Donna was employed at Pizza Hut for about 10 years, and also worked at other businesses. She was a volunteer at the animal shelter in Durango for a short period of time, and her idea of caring for the animals was to open all the doors and set them free.

Like her idea of freeing the animals, Donna is now free from her earthly journey, and can rejoice in being with Heavenly Father, and her family and friends who have gone before. She has left a grieving family and friends, and we will miss her more than anyone can know.

Send a message to the family or a memoriam to be



Paul and Jenna Bilyk

Paul and Jenna Bilyk were married July 28.
The bride’s parents are Bryan and Mary Sickbert, of Pagosa Springs.
The groom’s parents are Greg and Debbie Bilyk, of Carol Stream, Ill., and Gail and Steve Henschel, of Mayfield Heights, Ohio.
Following the ceremony, bride and groom honored a German tradition of indulging in pretzels and beer. The “praying hands” shape of the pretzel signifies a long and happy life together.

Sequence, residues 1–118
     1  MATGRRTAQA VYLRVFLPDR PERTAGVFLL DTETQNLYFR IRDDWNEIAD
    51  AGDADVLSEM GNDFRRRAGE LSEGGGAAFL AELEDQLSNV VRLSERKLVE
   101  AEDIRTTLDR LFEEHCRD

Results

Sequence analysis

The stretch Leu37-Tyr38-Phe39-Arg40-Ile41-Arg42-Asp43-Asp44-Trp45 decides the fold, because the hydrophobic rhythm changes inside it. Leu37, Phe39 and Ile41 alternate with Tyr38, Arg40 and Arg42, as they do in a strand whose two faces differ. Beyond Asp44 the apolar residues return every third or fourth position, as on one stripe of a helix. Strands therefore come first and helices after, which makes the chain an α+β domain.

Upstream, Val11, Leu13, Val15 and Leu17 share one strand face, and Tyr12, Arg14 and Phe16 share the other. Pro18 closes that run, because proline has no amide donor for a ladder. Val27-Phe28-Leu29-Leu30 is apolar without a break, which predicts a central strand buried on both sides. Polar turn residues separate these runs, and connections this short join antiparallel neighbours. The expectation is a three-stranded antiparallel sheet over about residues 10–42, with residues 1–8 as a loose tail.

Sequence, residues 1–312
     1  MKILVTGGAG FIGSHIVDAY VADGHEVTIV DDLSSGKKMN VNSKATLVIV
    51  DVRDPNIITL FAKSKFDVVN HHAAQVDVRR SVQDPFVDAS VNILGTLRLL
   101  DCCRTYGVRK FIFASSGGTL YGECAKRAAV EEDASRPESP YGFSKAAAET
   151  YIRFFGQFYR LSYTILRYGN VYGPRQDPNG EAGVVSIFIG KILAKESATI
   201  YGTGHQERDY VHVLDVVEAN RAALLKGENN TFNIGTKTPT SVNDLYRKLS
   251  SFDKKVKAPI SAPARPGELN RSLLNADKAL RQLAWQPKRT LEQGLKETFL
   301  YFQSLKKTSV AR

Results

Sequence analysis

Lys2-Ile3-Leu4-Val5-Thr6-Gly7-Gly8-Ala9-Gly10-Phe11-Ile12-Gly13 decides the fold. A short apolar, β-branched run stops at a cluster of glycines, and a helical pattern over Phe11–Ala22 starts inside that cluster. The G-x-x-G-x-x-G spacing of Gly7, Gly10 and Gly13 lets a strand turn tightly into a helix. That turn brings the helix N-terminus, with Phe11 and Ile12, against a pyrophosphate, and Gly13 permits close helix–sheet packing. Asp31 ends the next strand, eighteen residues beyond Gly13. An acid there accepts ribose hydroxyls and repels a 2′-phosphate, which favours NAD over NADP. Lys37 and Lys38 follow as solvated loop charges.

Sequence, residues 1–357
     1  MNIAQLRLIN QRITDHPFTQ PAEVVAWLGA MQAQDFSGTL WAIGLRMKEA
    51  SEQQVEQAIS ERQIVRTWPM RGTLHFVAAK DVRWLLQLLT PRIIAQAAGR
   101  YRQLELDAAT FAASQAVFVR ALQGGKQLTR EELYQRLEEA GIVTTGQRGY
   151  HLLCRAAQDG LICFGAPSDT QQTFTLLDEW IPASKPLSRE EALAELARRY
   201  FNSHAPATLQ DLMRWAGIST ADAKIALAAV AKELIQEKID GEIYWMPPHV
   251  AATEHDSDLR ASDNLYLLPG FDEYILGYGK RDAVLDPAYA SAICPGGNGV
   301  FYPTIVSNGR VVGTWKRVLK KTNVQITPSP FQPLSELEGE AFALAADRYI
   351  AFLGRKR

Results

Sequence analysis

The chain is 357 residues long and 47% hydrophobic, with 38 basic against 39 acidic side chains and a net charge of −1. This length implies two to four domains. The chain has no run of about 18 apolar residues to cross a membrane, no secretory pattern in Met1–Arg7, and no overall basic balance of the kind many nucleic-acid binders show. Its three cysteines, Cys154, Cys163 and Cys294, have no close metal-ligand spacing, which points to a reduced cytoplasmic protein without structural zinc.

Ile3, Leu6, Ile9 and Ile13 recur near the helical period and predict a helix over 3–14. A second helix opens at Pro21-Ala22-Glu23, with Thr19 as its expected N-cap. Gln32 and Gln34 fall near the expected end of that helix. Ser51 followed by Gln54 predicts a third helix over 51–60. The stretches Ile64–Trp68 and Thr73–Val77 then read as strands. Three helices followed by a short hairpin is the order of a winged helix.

The couple is honeymooning in Santa Fe, N.M., and will reside in Cleveland Heights, Ohio.


Ronald Christopher Lucero-Vineyard

Ronald Christopher Lucero-Vineyard served as a page for Rep. Paul Roan in the State Legislature in Oklahoma City May 21-24. Chris assisted the representatives to conduct business during the session and participated in a mock legislative session. Chris attends East Central State College in Ada, Okla. He is the son of Ronald and Jennifer Lucero, of Pagosa Springs, and Christy and Billy Vineyard, of Stonewall, Okla. His grandparents are Jesus and Sharon Lucero, of Pagosa Springs; Carl Summers, of Davis, Okla.; and former Pagosa Springs residents Eulis and Phyl Foster, now of Tishomingo, Okla.

Jennifer L. Dean
The University of Wyoming, in Laramie, awarded degrees to 92 students from Colorado following completion of the spring semester.
Among those students was Jennifer L. Dean, of Pagosa Springs.